Atmosphere Extras – Citizen science
Citizen science involves members of the general public collaborating with scientists on a project. It is a great way for people to learn about air pollution where they live and also for local scientific research, as it provides data from more sources then ground-based stations and gives a more regional perspective than satellite data.
iSpex-EU was a citizen science project that allowed the public to use their smartphones to measure air pollution. It ran from 1 September to 15 October 2015 and 5386 measurements were made.
Britain Breathing - A citizen science project that aims to engage the UK public to act as ‘citizen sensors’ to help scientists discover more about seasonal allergies such as hay fever or asthma, which may be caused by different pollen, pollution or the weather. It involves using a phone app to log allergy symptoms.
Friends of the Earth Clean Air Kit campaign is another UK based citizen science project. It involves the public installing a tube to measure NO2 in a location of their choice. They then mail this back after 2 weeks. The results will help to build a picture of air pollution across the UK, as well as to enable people to discover what air pollution is like in places that matter to them.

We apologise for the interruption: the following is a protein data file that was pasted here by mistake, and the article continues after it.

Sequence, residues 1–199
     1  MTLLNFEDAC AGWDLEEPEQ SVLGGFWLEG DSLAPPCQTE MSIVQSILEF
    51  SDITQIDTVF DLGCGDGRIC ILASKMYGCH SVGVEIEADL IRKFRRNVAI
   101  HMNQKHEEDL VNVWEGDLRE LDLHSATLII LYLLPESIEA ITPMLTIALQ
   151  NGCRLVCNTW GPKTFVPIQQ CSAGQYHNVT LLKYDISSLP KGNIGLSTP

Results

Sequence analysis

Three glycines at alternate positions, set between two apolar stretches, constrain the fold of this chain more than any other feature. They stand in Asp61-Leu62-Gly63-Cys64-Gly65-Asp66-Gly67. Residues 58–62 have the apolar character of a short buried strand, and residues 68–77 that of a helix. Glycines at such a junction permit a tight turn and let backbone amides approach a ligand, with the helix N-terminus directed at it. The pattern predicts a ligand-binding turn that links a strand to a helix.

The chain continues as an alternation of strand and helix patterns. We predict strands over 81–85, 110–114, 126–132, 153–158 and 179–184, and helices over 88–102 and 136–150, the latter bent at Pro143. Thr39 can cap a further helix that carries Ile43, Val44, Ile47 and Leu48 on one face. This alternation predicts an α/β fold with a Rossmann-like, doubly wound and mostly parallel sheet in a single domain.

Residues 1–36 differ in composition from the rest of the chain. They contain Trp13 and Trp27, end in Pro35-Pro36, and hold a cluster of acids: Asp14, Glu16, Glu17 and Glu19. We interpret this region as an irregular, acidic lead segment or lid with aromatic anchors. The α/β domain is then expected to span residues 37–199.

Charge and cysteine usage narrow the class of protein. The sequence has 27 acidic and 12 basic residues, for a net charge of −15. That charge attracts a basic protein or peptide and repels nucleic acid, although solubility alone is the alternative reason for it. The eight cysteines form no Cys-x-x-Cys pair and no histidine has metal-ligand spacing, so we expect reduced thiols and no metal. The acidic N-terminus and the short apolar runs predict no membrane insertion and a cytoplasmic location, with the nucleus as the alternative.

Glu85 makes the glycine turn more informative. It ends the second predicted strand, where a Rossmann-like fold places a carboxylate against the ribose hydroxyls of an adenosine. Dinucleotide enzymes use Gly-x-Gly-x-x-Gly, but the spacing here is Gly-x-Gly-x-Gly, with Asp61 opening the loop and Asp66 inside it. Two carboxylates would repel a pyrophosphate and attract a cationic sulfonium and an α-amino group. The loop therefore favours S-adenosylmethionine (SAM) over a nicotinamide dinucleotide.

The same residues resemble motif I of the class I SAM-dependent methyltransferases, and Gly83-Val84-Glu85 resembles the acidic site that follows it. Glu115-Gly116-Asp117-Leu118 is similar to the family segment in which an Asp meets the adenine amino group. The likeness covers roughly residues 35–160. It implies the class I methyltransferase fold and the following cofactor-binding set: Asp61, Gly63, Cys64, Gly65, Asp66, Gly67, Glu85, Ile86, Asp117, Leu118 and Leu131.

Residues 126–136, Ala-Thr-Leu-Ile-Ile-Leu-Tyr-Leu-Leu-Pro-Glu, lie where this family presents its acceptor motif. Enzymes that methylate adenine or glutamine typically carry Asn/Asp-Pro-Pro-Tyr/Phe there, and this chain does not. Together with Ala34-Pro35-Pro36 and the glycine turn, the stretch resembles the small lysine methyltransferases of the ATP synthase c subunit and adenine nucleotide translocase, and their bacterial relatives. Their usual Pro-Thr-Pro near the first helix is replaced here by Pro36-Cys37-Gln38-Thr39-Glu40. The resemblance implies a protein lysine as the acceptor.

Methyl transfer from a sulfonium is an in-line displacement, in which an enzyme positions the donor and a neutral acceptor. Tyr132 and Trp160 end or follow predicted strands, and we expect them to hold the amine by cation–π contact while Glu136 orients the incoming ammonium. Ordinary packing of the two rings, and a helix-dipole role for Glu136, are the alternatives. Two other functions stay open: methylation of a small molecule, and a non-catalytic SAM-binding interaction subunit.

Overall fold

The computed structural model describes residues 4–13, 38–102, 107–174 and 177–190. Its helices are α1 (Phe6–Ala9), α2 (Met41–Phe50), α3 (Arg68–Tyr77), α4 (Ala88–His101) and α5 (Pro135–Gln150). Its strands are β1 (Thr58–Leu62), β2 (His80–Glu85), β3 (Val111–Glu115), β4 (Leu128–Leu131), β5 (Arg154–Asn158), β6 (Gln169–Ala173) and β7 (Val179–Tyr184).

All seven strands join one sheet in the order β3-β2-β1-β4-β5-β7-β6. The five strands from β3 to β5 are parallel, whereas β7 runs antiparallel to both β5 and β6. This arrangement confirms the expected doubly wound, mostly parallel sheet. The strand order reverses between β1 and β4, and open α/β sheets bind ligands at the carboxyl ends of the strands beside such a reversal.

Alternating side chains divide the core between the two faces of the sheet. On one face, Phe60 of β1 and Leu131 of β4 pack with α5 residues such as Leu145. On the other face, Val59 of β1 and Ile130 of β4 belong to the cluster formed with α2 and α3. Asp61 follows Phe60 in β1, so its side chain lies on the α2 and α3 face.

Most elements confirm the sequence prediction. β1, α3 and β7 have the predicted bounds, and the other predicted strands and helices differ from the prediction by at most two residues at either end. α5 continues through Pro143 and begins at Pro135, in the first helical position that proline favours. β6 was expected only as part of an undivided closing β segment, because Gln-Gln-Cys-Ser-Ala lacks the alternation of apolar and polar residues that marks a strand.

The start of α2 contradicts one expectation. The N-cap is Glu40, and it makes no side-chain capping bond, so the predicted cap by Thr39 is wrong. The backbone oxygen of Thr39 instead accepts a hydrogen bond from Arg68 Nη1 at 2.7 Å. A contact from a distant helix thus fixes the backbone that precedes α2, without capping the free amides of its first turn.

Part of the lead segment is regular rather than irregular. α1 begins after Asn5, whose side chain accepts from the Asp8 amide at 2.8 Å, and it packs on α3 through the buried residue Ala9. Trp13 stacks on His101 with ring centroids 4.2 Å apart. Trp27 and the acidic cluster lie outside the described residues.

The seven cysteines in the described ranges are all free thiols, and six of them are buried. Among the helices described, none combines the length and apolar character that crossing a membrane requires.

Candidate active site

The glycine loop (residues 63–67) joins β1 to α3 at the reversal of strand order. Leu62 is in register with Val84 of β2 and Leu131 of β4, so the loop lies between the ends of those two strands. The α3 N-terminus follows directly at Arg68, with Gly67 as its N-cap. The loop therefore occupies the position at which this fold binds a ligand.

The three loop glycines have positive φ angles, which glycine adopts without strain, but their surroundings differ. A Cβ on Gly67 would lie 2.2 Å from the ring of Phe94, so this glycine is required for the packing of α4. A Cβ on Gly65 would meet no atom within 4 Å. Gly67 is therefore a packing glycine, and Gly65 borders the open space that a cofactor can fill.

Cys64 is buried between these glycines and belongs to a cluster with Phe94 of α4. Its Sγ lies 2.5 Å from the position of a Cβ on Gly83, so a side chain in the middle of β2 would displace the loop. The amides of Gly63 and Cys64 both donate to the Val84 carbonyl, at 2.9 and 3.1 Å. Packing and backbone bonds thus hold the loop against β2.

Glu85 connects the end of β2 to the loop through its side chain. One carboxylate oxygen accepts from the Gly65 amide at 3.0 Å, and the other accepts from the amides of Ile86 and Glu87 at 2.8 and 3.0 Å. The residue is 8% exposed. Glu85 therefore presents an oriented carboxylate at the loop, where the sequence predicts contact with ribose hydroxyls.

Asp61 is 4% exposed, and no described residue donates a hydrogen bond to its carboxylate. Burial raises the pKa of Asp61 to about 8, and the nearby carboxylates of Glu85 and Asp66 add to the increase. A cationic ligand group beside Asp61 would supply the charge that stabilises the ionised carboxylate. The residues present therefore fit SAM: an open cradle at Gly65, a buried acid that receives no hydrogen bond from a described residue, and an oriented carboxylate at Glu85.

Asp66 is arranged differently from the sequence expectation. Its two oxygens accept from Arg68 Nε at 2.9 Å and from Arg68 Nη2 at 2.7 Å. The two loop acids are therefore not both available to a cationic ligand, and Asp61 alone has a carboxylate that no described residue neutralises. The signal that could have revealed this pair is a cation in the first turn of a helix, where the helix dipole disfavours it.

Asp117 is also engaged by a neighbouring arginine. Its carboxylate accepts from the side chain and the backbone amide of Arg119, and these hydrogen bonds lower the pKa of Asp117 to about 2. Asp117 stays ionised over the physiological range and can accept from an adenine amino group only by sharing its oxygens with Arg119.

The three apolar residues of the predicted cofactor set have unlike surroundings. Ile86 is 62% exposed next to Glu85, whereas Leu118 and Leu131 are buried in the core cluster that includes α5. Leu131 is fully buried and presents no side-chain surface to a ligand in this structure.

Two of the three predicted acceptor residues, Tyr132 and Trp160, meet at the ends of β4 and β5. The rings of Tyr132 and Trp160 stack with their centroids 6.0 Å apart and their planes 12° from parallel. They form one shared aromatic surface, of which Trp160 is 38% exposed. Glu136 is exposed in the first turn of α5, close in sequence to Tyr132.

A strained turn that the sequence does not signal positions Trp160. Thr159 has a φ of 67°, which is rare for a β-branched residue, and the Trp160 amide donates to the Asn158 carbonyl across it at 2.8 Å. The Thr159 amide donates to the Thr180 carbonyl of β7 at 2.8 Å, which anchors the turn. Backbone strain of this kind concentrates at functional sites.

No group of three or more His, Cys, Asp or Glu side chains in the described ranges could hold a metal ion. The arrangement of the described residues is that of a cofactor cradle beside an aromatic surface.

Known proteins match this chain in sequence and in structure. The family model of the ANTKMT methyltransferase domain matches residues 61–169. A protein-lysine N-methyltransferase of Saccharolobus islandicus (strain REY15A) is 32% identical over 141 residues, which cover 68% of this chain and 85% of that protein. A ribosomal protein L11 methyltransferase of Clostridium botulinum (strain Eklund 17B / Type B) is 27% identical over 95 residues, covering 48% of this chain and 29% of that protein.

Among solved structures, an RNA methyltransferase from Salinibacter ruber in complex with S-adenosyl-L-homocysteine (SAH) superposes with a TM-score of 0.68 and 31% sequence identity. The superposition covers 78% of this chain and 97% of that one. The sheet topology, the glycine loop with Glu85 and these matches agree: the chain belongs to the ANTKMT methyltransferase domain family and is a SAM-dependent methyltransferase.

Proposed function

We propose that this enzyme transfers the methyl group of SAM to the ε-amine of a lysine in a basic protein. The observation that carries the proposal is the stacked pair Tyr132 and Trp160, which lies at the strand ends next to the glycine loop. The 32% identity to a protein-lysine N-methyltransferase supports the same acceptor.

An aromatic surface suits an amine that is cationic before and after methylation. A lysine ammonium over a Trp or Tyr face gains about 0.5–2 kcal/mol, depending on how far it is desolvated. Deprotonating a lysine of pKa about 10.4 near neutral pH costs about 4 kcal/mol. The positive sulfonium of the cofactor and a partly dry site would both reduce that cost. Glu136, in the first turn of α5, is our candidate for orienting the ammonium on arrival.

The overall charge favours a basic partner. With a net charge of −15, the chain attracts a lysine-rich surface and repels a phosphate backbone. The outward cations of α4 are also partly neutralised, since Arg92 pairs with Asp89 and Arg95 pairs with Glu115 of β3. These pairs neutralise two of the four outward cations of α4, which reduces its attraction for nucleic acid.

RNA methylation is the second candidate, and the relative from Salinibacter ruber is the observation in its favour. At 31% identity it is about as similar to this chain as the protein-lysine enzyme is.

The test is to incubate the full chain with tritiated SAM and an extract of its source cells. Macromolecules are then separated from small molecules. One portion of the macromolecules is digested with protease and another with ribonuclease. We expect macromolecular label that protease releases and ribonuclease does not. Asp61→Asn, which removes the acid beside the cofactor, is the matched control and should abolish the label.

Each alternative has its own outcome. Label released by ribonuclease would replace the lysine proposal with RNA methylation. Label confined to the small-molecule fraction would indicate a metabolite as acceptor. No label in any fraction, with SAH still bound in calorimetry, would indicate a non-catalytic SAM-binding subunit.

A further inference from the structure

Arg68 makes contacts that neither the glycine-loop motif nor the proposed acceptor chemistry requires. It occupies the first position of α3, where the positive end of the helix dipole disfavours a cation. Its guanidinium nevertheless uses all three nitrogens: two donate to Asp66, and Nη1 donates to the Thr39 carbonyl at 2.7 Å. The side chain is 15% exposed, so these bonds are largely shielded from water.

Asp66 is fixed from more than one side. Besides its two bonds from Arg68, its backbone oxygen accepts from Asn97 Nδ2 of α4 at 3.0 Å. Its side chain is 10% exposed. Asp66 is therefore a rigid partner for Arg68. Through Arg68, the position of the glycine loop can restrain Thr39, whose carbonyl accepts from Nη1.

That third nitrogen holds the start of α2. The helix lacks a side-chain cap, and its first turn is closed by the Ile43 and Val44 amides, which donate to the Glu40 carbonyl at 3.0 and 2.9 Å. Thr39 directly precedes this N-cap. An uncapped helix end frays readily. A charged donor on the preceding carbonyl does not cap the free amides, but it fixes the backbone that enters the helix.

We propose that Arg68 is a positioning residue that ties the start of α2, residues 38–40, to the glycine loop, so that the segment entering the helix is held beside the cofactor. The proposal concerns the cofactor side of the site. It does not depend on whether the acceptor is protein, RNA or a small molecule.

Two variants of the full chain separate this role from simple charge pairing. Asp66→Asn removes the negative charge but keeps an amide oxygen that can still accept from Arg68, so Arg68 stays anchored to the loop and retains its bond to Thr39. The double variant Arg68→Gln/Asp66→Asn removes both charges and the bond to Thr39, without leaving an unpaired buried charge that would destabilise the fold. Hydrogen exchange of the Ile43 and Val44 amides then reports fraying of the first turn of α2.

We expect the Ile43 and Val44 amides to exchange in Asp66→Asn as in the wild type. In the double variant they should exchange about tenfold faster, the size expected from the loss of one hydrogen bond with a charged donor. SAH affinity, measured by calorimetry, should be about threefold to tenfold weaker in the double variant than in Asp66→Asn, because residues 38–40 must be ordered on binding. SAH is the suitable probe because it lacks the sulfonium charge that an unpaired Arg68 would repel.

SenseBox - Is a German based citizen science toolkit which works as a low-cost weather station. It can be used to measure light intensity and ultraviolet light, temperature, air moisture, and air-pressure, and future extensions will provide air quality measurements. There are two versions of the kit, senseBox: home for use local research and senseBox:Edu for schools and junior scientists.
The European Space Agency set up a project called EducEO, to review existing citizen science projects to to enhance the scientific exploitation of Earth Observation (EO) data while simultaneously supporting education and public awareness raising of EO.
Breath Clean - Tower Hamlets, London is a ongoing local citizen science project that commenced in May 2018. It provides Tower Hamlets residents with the materials & training needed to monitor nitrogen dioxide levels around the places that matter to them.
Air quality Citizen Science This is a NASA funded project which aims to collect spatially dense, quality PM2.5 data using low-cost sensors deployed by citizen scientists. The data will be compared to NASA satellites. They are currently recruiting citizen scientists based in Southern California, and will be expanding to other regions later on. You can sign up to take part here
Citizen-Enabled Aerosol Measurements for Satellites (CEAMS) This is another NASA funded Citizen Science project which is led by Colorado State University, and measures local air quality using using inexpensive, but high-quality instruments to take backyard measurements. You can take part if you are based in the USA.
- Dr Martin Adams
Don’t forget you can download the video, transcript and take any quizzes available with the links on the right.